Days before our trip to Italy, a woman in South Dakota was kicked out of a Chick-fil-a for breastfeeding. She knew a state law protected her, and said as much, but it didn’t stop the manager from asking her to leave.
Despite another controversy over a magazine cover of a woman breastfeeding, one can only hope that was an isolated event. But truth be told, my breastfeeding has been an adjustment for friends and family. Everyone has been super supportive, but some can’t help but feel awkward or shy or embarrassed (or something). I get it. I haven’t seen anyone breastfeed since I was little—and it was my mother. Before I started breastfeeding even I wasn’t sure about the appropriate way to act—do you look or not look? Engage or give privacy? Does the response depend on the situation?
Until leaving for Italy, I had mainly breastfed in the comfort of my home (usually my bedroom). I had my special stack of pillows. I didn’t have to think about the logistics of Ariel’s position, the right clothes to wear, time limits, or being discreet.
The biggest anxiety I had about traveling and teaching abroad was breastfeeding. What if we were at a museum and Ariel wanted to nurse? Or at a restaurant? Touring a church? Standing in line outside in the cold?
We’ve been living in a Tuscan villa with 33 students for just over a month. Most days we go into Florence or are traveling. I could write a Dr. Seuss book called Oh, the Places I’ve Breastfed!
The day after arriving, the program director took our group on a walking tour of Scandicci. The day before had been a crisp, sunny 50 degrees and skies an optimistic blue. This day was a soggy 45. Ariel was closed up in the stroller bouncing along contentedly until, naturally, she became hungry. In the café where we sought refuge, not only did people not mind my breastfeeding, but I was praised for it! Strangers struck a balance between encouragement and privacy, and the owners themselves were sure to make me feel welcome.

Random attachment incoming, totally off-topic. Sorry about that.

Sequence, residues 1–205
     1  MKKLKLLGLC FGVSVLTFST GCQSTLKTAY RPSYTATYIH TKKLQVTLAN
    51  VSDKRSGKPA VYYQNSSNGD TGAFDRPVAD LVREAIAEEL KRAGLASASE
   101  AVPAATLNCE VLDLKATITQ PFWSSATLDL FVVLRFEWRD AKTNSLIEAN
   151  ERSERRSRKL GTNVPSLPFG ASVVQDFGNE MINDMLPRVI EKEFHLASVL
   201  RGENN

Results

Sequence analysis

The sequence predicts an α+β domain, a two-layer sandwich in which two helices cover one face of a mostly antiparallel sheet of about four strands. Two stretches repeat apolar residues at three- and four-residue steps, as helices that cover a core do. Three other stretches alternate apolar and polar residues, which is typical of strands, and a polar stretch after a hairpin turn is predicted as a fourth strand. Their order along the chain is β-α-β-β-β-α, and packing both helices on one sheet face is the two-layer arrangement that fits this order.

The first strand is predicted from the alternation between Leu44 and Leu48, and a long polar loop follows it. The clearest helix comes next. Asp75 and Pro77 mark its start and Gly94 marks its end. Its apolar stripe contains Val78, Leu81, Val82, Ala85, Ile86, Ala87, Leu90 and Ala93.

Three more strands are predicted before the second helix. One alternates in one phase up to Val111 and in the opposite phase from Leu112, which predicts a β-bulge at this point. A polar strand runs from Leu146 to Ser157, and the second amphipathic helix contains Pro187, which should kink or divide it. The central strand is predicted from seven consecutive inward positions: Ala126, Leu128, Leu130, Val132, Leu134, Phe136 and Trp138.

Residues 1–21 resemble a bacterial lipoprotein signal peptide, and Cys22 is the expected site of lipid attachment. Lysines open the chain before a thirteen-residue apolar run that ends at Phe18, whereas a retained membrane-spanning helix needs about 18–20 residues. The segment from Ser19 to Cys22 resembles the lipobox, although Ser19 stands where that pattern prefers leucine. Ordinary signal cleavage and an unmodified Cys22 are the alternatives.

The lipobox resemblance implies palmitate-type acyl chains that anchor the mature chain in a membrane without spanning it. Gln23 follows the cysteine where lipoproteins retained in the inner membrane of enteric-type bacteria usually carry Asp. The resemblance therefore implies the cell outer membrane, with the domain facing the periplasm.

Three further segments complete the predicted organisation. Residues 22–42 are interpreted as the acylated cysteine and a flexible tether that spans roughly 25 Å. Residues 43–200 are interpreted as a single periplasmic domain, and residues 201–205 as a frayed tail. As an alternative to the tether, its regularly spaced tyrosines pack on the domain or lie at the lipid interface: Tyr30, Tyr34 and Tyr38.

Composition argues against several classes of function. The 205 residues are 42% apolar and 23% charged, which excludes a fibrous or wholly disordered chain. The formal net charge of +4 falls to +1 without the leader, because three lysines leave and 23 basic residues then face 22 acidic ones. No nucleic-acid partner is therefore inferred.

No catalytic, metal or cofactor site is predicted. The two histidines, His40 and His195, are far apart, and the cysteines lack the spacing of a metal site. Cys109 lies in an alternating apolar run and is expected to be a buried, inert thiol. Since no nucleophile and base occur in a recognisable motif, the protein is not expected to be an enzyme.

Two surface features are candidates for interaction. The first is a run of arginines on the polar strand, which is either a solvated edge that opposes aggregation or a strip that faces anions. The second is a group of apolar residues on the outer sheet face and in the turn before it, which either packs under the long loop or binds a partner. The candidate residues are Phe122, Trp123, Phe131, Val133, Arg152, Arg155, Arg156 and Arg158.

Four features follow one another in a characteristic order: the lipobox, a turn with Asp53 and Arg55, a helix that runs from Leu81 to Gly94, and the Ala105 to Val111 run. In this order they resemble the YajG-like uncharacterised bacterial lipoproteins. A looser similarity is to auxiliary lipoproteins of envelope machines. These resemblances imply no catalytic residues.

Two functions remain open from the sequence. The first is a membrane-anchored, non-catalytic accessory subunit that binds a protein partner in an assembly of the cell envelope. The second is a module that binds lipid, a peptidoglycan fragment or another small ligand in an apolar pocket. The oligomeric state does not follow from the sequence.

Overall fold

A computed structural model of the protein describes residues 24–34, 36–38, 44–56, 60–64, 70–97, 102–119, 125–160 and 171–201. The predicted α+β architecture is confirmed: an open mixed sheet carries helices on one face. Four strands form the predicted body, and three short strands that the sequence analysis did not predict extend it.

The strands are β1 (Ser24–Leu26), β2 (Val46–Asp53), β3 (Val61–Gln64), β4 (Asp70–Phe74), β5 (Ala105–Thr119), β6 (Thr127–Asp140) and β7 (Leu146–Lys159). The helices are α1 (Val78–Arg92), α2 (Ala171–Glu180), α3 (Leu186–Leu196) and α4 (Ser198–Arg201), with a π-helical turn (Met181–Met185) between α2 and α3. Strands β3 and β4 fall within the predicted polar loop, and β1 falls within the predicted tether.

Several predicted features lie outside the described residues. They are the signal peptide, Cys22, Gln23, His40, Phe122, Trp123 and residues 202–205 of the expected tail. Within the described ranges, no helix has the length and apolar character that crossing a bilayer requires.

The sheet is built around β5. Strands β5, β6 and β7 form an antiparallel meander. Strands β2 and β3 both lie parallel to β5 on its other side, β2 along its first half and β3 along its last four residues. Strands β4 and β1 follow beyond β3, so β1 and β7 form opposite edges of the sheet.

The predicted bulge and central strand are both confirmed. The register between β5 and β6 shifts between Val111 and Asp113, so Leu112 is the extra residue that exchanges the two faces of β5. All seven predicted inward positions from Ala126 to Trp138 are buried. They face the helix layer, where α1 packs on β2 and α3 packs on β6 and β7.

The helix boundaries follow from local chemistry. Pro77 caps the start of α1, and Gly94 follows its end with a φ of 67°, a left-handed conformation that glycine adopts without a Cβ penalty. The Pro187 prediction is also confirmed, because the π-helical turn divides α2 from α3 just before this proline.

Since that auspicious start, Ariel has nursed on a bench in front of the Duomo, at restaurants, cafés, the tram to Florence, the train to Rome, in a bookstore, at a pizzeria, and in front of one of my favorite paintings—Artemisia Gentileschi’s Judith Slaying Holofernes.
While at the Carlo Bilotti museum to see the exhibition of the sculptor Jago (called “The Modern Michelangelo”), I sat in a room full of de Chiricos nursing Ariel. My former professor and longtime friend accompanied me into the room and encouraged me to take in “l’arte” while I gave Ariel her “latte.”
It struck me in that moment how much a nursing mother needs nourishment, whatever form that may take—encouragement, understanding, inspiration, mobility . . .
Taking care of a baby is not just physically challenging; it is psychologically demanding as well. I love nursing Ariel in the privacy of my bedroom, but I also need to be able to move freely in public spaces without fear of admonishment or giving offense. But this isn’t just about me–it’s about giving my baby what she needs when she needs it, wherever that may be.